IMAGINE A BICYCLE MANUFACTURER PREPARING TO JUMP INTO THE motorcycle market. Even with considerable financial and technical wherewithal, it wouldn’t be easy. And in the case of the new Cannondale MX400, it’s even more difficult, because in typical fashion, the forward-thinking American company is bucking the technical norm, breaking rules along the way.
American bicycle-maker Cannondale gears up for motorcycle production
THE CANNONDALE OFF-ROAD MOTORCYCLE HAS EMERGED! Over the past year it has seemed near enough to touch, but has slipped away. Rumors have flowed. Now we’ve seen it and CW's Off-Road Editor Jimmy Lewis has ridden it. The new MX400 four-stroke bristles with innovation.
Years before Yamaha, BMW was developing an R1 superbike of its own
CONSIDER THE PLIGHT OF BMW. In the car world, its products are considered racy and exotic while its motorcycles are seen by some as staid two-wheeled Volvos. Cadillac would love to have BMW's four-wheeled image, which is why it’s going racing at Le Mans.
DON’T MOURN THE BMW R1. All manufacturers prototype their ideas constantly. Not only are most of these never produced, they are usually destroyed in the bargain. Dick O’Brien, for many years manager of racing at Harley-Davidson, once showed me drawings of a two-stroke 750cc racer that his team had planned.
HOW TO STAND OUT IN A SEA AWASH WITH GLITZY V-TWIN CUSTOMS? First, don’t use a Harley. That’s the concept behind "Lo-Star," the first bike built by Cobra’s Special Projects Division, the aftermarket company’s newly formed "skunk works" charged with product development, including the design and construction of showbikes.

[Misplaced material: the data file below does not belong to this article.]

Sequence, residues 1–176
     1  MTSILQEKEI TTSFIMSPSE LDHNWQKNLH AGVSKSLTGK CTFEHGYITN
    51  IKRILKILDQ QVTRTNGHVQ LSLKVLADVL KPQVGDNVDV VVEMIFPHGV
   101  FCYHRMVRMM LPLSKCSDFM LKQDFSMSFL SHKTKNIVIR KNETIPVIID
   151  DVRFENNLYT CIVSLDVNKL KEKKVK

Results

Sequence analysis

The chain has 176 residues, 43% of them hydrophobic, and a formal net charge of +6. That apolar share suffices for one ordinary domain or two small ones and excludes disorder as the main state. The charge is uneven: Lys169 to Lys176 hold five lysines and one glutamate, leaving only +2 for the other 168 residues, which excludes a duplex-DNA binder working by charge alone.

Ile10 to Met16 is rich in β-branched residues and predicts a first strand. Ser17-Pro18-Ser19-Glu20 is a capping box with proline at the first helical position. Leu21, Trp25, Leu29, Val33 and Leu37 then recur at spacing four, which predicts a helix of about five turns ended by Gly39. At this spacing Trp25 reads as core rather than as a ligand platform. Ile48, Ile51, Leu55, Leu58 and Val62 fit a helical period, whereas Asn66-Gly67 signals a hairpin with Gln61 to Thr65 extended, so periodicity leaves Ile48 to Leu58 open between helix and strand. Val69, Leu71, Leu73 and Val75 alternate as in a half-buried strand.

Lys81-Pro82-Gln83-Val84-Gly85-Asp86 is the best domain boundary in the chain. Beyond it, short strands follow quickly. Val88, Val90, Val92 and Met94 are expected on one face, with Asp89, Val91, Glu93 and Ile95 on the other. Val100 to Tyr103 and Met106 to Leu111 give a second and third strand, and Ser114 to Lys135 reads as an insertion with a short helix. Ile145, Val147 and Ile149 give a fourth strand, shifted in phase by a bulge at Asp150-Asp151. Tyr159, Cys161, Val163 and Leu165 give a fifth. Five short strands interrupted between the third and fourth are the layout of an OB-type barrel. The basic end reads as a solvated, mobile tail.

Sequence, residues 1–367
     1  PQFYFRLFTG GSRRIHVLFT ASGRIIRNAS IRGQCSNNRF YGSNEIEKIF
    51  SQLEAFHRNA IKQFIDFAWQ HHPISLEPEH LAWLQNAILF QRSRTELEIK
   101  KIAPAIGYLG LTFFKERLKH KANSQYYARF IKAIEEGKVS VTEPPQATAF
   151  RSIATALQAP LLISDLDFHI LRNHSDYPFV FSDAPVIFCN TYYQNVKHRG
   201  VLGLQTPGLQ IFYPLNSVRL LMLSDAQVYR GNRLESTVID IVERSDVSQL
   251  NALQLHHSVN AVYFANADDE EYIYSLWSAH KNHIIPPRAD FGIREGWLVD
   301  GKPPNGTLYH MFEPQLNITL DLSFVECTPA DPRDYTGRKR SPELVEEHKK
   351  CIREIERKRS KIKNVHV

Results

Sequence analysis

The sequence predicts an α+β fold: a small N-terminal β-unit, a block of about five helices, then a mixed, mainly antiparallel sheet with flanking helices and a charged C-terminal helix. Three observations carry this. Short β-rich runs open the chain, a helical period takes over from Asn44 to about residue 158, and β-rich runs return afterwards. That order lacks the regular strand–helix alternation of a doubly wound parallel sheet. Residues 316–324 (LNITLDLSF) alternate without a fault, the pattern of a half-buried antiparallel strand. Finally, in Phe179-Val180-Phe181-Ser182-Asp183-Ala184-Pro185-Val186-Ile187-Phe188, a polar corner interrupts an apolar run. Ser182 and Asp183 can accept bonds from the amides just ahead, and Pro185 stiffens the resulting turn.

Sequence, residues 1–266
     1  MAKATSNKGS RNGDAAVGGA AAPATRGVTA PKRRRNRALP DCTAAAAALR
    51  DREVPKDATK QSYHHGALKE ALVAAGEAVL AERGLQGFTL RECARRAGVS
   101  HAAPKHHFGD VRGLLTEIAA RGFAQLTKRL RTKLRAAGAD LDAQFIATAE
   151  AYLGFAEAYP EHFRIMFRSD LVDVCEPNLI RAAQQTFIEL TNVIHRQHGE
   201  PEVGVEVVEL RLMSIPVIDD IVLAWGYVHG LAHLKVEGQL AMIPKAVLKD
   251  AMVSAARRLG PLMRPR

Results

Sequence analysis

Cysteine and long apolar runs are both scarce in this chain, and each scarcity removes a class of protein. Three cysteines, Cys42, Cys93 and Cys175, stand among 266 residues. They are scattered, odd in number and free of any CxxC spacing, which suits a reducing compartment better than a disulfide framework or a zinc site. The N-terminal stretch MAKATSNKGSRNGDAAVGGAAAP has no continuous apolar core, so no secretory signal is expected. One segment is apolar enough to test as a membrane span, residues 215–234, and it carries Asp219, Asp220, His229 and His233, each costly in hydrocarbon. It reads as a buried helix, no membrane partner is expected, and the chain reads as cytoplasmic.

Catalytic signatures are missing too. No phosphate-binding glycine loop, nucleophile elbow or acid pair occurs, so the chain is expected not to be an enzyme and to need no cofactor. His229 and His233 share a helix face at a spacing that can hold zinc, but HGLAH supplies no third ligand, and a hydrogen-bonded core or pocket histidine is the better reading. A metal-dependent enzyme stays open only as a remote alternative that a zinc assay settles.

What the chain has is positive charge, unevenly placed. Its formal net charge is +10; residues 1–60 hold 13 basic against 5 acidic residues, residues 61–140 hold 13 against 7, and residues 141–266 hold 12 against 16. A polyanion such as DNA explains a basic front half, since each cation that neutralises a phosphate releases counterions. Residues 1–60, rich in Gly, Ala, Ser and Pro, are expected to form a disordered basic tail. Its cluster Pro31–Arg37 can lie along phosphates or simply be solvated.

The only Commando ever to win a Half-Mile National has been rescued from the attic
WE’D LIKE TO TAKE most of the credit, but we can’t. The reason this piece of dirt-track history currently exists in this pristine, raceable form isn’t just because Cycle World ran an article on it last year. “No,” says owner Ron Wood, “the article inspired me, but it was more the people who’d ask, ‘Whatever happened to your Norton?’ I’d tell them it was in a box, and they’d ask, ‘Why don’t you put it back together?’ ” It was a good question, and this past fall and winter Wood set out to answer it.
YOU EVER NOTICE HOW, well, odd BMW people can be? Maybe it’s the bike, maybe it’s something inherent to them, a deeply buried predisposition toward all that which is Boxer, and therefore different. For Gregor Halenda, professional photographer and owner of the Team Incomplete Boxer pictured here, predisposition turned into full-blown megalomania, a righteous nut-bag obsession with building a Better Boxer.
THERE ARE FEW BIKES MORE DOWN-right fun to ride than Suzuki’s SV650. Which explains why we’ve racked up almost 5000 miles on our long-term testbike since the last installment. The upgraded suspenders from Progressive Suspension resulted in what ad guy/former 250cc GP racer Andy Leisner calls, “a huge improvement in sporting situations...though it seems to have too much rebound damping in the fork.” A fix is in the works.
Tracking down the world’s most collectible motorcycle, Lawrence of Arabia’s Brough SS100 death bike
IT IS THE SILKIEST thing...and at 50 mph she is a dream...if only the RAF gives me time enough...to use the poor thing...I am grateful for the care taken...to make her perfect.” Thus wrote Thomas Edward Lawrence, forever known as “Lawrence of Arabia,” to bikemaker George Brough in March, 1932.
YOU SAY IT’S CHILLY OUTSIDE, BUT YOU don’t want the added bulk and limited mobility of a jacket? Or it’s freezing out, and you just need an extra layer? Malcolm Smith Racing has you covered-literally-with its Windstopper Jersey. Like a vented soccer shirt, it looks light and airy.
IT’S SUNDAY NIGHT AND MONZA IS QUIET. THE AIR IS SOFT. THE SWEAT, the adrenaline, the acrid tang of exhaust fumes and rubber, the immediacy and tension of so many unknowns being determined, fates decided, has all passed. It feels like an empty church at sunset.
Although You Know Who clinched the EA Sports AMA Supercross Series one round early at Route 66 Raceway in Joliet, Illinois, the seasonending Las Vegas event still held significance for many competitors. Take David Vuillemin, for instance.
I finally took delivery of my Kawasaki ZX-12R after a very long wait. My dad owns a Suzuki GSX1300R Hayabusa, and we thought it would be fun, once I got my bike fully broken in, to dyno them back-to-back. My question is, does running a bike on a dyno hurt the engine or any of its components?